BHP Billiton could spend up to $US1 billion on offshore oil exploration next financial year after securing a second drill rig that will let it test big targets in the Gulf of Mexico and Trinidad and Tobago, as part of the company’s biggest exploration push in more than 10 years.
In its fourth-quarter report yesterday, BHP said it had boosted its 2015-16 exploration guidance by $US40 million to $US640m, representing a June quarter spend of $US250m as it starts drilling in earnest as part of a plan to balance its big shale exposure with conventional oil.
With two rigs running, the fourth-quarter spending rate implies a $US1bn spend for next year
Last month, The Australian revealed BHP was accelerating offshore exploration by trying to secure the extra drill rig in the Americas, despite cutting back other spending across the group.
More recently, BHP chief Andrew Mackenzie said the miner’s February decision to abandon a progressive dividend policy that would have cost it $US6.5bn this year had been a major factor in the exploration boost.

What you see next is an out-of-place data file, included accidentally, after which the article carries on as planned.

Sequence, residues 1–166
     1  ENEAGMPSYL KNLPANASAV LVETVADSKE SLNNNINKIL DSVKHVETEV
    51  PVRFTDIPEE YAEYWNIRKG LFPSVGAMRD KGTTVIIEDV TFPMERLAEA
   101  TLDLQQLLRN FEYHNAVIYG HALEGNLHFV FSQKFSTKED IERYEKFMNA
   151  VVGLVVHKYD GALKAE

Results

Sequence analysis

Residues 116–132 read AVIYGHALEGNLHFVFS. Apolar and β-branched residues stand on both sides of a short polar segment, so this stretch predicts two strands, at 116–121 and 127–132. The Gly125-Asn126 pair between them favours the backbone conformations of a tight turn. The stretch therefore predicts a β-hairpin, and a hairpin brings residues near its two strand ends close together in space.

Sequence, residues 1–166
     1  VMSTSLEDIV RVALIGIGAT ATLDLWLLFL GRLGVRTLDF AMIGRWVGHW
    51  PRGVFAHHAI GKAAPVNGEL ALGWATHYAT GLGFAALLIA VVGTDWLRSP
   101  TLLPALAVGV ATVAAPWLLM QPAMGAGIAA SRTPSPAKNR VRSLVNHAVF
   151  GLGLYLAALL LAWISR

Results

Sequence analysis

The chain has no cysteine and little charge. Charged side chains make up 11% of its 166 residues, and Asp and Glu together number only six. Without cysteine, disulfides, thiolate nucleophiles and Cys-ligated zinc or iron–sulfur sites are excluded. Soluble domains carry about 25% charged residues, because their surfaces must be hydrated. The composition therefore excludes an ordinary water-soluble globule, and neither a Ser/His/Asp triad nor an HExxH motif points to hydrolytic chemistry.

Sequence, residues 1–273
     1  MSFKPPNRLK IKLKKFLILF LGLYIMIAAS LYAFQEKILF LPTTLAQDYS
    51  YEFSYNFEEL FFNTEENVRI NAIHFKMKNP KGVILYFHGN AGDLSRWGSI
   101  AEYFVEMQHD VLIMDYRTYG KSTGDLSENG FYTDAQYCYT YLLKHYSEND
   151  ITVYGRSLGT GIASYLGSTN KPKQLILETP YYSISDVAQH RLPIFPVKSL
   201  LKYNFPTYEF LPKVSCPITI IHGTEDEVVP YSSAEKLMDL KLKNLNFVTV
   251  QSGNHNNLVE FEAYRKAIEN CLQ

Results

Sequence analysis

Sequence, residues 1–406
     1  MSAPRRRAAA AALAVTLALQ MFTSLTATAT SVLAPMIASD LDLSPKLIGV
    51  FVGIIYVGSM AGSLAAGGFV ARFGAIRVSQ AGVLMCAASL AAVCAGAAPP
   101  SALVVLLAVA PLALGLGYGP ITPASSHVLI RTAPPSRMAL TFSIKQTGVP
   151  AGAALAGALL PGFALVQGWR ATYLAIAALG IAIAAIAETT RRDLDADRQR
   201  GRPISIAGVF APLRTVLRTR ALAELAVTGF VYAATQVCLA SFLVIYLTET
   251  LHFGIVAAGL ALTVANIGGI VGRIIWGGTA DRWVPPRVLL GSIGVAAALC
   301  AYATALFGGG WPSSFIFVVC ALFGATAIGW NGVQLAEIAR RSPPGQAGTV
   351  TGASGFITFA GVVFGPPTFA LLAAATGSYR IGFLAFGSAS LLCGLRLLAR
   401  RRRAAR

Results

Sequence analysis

BHP’s recent exploration push is focused on big potential oil, rather than gas, targets in the Gulf of Mexico, Trinidad and Tobago and the Beagle sub-basin off Western Australia.
The strategy was designed by former petroleum boss Tim Cutt to replace a previously scattergun approach by the big miner that had seen largely unsuccessful drilling in the Falkland Islands, The Philippines, Bahrain and Brunei.
The new drill rig is now being mobilised for an eight-well program off Trinidad and Tobago, where BHP recently finished the world’s biggest private-sector seismic studies.
The major target in the Caribbean is the “Pegleg” prospect, whose footprint is up to three times the size of BHP’s major producing Gulf of Mexico finds.
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